Love, Life Stories

My presence online brings visibility to mixed-race women

A few months ago, I was spending weeks pitching ideas about my experiences to various websites, struggling to get a reply. Today, I'm editing the Race Section at The Tempest.

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A few months ago, I was spending weeks pitching ideas about my experiences as a mixed-race woman to various websites, struggling to get a reply. Today, I’m editing the Race vertical at The Tempest.

Allow me to elaborate.

After networking with other creatives as Mixed-Remixed, I was inspired to share my work across various platforms. I pitched my stories to several sites; I even submitted a piece to the Huffington Post, and (perhaps obviously) never heard back. I’m telling you – rejection culture can be real. Add to the equation that mixed-race identities are often placed in a binary – and you’ve got a relatively tough atmosphere to crack.

They actually wanted my piece on their site! Click To Tweet

But I decided to persevere. I remember really enjoying a couple of articles that were published on The Tempest, so I decided to pitch an article around my struggles. A week later, I heard back – the first time someone actually responded back to me that wasn’t an automatic rejection email.

They actually wanted my piece on their site!

After that piece went live, I began to send in more pitches about mixed race representation in TV and literature. At that point, I was just writing as a contributor. But soon enough, I was approached with the opportunity to come on as an Editorial Fellow. I said yes right off the bat. I was that excited! The fellowship would allow me publish pieces on the site five times a week, and write for other sections besides Race.

Being an Editorial Fellow for The Tempest gave me a platform to talk about what it meant for me to be mixed-race in various contexts. I didn’t always write pieces about multiraciality, but when I did, it was a great way to receive feedback from others who either didn’t know that that’s what some mixed women experienced, or was able to relate to it if they identified as mixed.

The Tempest gives me a special space to be myself. Click To Tweet

Having my face, and voice, on this site for others to see a mixed-race writer means so much to me.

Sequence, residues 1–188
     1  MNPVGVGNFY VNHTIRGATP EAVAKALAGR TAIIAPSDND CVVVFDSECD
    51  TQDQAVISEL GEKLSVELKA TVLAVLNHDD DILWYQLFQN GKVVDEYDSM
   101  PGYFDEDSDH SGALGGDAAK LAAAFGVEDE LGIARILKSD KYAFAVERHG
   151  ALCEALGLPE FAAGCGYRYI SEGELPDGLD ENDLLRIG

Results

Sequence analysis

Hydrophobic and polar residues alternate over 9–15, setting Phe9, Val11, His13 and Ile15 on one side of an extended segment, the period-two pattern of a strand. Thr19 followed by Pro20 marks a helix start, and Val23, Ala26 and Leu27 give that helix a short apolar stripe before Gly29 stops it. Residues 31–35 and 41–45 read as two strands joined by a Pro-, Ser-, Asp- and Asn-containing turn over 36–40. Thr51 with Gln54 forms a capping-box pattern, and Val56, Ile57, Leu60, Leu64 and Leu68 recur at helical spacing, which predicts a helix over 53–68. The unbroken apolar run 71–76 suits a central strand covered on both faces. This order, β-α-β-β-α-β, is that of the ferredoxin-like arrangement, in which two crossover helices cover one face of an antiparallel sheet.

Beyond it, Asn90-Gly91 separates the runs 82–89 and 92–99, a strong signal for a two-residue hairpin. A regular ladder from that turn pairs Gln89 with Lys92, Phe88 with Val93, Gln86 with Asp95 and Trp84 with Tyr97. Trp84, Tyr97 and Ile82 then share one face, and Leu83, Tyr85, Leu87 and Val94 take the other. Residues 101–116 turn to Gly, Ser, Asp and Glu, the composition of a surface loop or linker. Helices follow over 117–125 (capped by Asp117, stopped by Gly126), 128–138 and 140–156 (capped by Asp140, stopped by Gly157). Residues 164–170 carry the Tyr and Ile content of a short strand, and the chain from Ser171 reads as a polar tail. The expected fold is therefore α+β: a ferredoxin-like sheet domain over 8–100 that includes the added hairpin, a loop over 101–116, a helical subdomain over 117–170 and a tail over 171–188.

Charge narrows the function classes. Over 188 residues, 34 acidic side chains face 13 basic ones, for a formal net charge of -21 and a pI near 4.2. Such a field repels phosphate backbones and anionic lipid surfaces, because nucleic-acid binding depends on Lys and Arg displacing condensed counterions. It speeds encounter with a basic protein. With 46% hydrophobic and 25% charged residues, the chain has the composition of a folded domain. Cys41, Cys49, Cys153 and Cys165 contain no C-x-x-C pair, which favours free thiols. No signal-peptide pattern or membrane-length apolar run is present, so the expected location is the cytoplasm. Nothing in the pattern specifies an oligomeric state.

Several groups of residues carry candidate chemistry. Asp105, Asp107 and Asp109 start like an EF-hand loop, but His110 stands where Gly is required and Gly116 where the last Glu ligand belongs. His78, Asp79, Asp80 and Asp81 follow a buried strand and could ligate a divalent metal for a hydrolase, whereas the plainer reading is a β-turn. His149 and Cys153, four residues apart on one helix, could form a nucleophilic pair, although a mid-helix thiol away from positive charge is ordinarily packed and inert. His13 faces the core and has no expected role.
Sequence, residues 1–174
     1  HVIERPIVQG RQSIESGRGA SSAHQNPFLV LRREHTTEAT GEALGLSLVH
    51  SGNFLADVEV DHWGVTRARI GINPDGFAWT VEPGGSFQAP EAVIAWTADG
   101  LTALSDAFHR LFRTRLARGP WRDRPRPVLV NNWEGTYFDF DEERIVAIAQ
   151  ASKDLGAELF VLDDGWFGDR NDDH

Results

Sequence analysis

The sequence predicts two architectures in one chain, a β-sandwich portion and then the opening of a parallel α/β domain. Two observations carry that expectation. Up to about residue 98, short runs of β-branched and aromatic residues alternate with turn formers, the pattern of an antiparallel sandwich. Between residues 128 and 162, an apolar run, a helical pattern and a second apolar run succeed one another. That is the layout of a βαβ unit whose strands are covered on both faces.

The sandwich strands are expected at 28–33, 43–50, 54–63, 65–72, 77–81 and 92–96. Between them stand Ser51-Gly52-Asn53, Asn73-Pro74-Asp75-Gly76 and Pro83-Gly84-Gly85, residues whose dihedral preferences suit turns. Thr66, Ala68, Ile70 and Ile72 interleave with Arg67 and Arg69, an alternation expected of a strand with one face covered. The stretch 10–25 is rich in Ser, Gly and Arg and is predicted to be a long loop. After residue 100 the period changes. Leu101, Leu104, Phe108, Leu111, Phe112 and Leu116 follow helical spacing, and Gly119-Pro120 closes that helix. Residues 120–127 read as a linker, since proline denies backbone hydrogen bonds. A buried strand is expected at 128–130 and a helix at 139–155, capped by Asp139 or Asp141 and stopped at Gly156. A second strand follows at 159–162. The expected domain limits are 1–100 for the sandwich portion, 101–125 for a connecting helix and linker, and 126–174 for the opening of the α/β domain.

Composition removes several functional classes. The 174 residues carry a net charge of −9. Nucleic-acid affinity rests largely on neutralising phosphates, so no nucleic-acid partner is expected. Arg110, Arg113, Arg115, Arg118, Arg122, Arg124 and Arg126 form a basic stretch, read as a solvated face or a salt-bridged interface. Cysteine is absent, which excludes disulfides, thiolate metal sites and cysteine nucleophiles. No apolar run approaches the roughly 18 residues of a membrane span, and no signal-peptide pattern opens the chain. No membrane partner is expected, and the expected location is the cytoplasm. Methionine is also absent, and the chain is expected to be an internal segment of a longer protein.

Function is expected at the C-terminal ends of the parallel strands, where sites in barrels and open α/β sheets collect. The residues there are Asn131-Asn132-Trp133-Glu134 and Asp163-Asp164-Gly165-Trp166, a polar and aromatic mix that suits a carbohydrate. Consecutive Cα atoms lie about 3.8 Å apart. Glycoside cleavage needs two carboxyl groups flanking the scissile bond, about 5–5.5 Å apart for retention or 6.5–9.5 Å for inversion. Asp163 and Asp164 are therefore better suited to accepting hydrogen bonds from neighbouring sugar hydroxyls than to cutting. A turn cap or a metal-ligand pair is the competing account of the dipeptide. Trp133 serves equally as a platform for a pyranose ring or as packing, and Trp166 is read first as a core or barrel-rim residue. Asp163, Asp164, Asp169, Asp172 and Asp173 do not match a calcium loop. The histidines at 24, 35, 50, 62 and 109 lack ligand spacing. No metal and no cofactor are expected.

A bit before my fellowship came to an end, our CEO contacted me about taking on the position of Race Editor. At that point, I wasn’t even thinking that could be a possibility in my future with The Tempest. I thought I would be a contributor again once my fellowship ended.

Being able to help other women tell their own stories while being a part of a diverse staff is not an opportunity that is just handed to anyone. It takes time and effort to get to that place.

I am proud to be a part of this safe place. Click To Tweet

With some time and elbow grease, here I am. And I couldn’t be happier. The Tempest is comprised of such a great online community of women. Our fellows and staff are so open and kind.  Their hard work ethic makes me proud to continue to be a part of this safe place.

I believe that the future of women in media will continue to expand in being a safe space and including other forms of media, and I am confident that The Tempest will be a part of that future.

Maya Williams

Maya Williams

Maya Williams has her Bachelor’s in Social Work and Bachelor’s in English from East Carolina University. She also has her Master’s in Social Work and Certificate in Applied Arts and Social justice from the University of New England. She has published articles and poems on sites such as The Tempest, INTER, Black Girl Nerds, Multiracial Media, GlitterMOB, and Soft Cartel. In her spare time, she enjoys writing and performing spoken word poetry, facilitating writing workshops for youth, and watching movies/musicals.

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